You can listen to the complete playlist, compiled by Bravo Varela for Words Without Borders, below.

English

In “Outside Music,” his stirring eulogy to his father, Mexico City-based poet and translator Hernán Bravo Varela revisits the music that set the stage for much of his childhood, and for the relationship between father and son. Below, you’ll find a brief guide to some of the music woven throughout the essay, as well as a full playlist compiled by the author.

 

Murmurs from Another World

In the Bravo Varela household, there was nothing casual about music.

“As he ate breakfast, had a drink with my mother, or watered the garden, [my father]’d play music in the background. And I’d tiptoe down to the living room, hypnotized, longing to decipher these murmurs from another world,” Bravo Varela writes. His father, a lawyer who never aspired to be a musician himself, nonetheless cultivated a relationship to music that was nothing short of spiritual.

His father—whose catholic tastes spanned from classical music to boleros—was especially fond of the music of Agustín Lara, a composer and singer of boleros, rancheras, and more whose songs have been recorded internationally by performers from Caruso to Nat King Cole.

Mexican songwriter and musician Agustín Lara

Photo courtesy of the Secretaría de Cultura CDMX

Lara and others, Bravo Varela writers, were not just musical passions but often barometers of his father’s mood. “He muzzled his many demons: I’ve known no other silence so corporeal, so fierce. My mother, brother, and I always knew the storm had passed when he started humming illogical boleros or ridiculous rancheras,” he writes.

There were other popular Mexican performers that had the ear of Bravo Varela’s father, among them, José Alfredo Jimenez, who, like the poet’s father, hails from Guanajuato, a state northwest of Mexico City. Jimenez’s “Caminos de Guanajuato,” an example of the musical genre known as ranchera, which grew out of the Mexican revolution, is an homage to the home state shared by Jimenez and the father of Bravo Varela. Ranchera-style music reached the zenith of its popularity in the 1940s.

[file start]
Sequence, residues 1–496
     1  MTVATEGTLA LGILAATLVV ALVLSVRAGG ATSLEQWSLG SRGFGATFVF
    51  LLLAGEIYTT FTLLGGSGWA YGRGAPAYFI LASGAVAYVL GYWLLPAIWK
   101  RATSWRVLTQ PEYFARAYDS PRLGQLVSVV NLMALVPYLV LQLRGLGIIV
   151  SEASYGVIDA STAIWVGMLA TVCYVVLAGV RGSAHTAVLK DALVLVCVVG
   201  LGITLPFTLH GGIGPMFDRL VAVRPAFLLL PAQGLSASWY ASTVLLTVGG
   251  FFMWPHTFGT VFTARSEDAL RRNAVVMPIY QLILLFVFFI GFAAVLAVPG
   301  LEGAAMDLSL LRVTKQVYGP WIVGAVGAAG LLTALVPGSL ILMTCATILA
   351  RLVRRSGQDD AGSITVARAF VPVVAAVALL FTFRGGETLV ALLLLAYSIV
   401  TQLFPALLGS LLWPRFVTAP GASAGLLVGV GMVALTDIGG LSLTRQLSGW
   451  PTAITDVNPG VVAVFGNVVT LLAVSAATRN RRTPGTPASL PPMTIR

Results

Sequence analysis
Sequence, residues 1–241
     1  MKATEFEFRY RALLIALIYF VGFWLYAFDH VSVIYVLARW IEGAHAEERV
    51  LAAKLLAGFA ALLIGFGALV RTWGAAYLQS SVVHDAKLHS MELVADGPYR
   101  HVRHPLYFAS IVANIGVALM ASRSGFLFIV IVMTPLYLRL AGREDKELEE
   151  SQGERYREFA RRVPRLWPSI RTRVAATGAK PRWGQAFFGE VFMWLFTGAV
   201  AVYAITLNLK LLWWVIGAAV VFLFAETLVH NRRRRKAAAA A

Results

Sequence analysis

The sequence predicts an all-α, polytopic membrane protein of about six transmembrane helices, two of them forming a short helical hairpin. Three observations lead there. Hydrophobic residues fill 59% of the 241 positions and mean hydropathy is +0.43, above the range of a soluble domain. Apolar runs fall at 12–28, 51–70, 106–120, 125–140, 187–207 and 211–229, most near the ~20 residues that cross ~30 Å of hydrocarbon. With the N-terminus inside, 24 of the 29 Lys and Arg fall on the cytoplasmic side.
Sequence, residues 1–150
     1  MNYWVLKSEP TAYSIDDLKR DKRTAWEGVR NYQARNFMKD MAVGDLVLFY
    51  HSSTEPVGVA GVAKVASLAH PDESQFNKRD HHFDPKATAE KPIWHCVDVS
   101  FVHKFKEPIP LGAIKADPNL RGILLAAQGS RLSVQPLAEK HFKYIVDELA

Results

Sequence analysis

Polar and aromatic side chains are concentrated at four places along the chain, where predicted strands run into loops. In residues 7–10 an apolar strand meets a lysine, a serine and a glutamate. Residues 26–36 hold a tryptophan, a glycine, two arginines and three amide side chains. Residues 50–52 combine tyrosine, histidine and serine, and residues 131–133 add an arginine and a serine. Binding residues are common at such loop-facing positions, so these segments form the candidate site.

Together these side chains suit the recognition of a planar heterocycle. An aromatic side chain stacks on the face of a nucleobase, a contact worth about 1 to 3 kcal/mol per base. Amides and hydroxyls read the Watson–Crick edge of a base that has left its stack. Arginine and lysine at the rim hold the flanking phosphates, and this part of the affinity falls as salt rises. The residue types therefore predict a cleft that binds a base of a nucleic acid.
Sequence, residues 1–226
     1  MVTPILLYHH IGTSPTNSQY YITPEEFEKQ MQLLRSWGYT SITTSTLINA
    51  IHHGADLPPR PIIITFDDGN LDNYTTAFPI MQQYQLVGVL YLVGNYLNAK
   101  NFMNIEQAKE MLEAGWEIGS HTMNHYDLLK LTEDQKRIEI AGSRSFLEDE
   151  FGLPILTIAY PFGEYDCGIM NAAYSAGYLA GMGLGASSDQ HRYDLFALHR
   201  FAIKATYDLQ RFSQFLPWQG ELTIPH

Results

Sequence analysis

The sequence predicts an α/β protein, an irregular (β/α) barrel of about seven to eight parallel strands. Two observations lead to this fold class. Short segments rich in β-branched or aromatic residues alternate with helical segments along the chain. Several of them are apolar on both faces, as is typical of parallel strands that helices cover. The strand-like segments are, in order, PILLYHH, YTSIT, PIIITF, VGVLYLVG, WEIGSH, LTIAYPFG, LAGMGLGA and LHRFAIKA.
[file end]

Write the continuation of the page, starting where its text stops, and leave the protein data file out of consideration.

A view of Guanajuato Mexico at night

Image by Tomas Castelazo, used in accordance with the Creative Commons Attribution-Share Alike 3.0 Unported license.

 

 

A Dialogue, a Duet, and Sometimes a Duel

As Bravo Varela came into adolescence, his relationship to his father—and his father’s music—underwent a change. If his father’s eclectic musical taste largely “cured me of my adolescent rebelliousness,” Bravo Varela admits that “if he put on some Brahms, I’d opt for Hans Rott, his less famous and more tragic contemporary.” Austrian composer and organist Rott may not be the household name his contemporary is, but his Symphony No. 1 in E Major garnered plaudits from Gustav Malher and others when he completed it in 1880. Brahms, however, is said to have told Rott outright that his talent was limited. On a train ride later that year, Rott is said to have pointed a pistol at a fellow passenger, claiming Brahms had loaded the train with dynamite. A year later, he was committed to a mental hospital, dying a few years later of tuberculosis.

 

This adolescent impulse to contest and contradict, however, amounted to something deeper than teenage defiance. By selecting a musical foil to each other his father’s beloved composers, Bravo Varela hoped his father would come to know him better. “In short,” he writes, “I wanted him to admire me for being what he wasn’t.”

“It was a very good year,” he’d say, staring out into the garden. “It was a very good year.”

This sometimes dialogue, sometimes duel would also give way to moments of musical communion, such as when they this one-sided jousting would transubstantiate into a father-son duet of the “Lágrimas negras,” the lovelorn 1931 bolero by Cuban musician Miguel Matamoros. The tune, which has been recorded by Celia Cruz, Buena Vista Social Club, and many more, can be heard below in a recording by Omara Portuondo.


 

 

A Song for Every Season

When Bravo Varela’s father retired at the age of sixty-eight, it was Sinatra, more often than not, who was on his mind. Assailed by a variety of age-related ailments, the elder Bravo Varela would put on “It Was A Very Good Year,” playing it back three or four times throughout the course of dinner, savoring the closing chords.

“’It was a very good year,” he’d say, staring out into the garden,'” the author writes. Below, watch a clip of Sinatra performing the song during a 1965 TV special.

 


 You can listen to the complete playlist, compiled by Bravo Varela for Words Without Borders, below.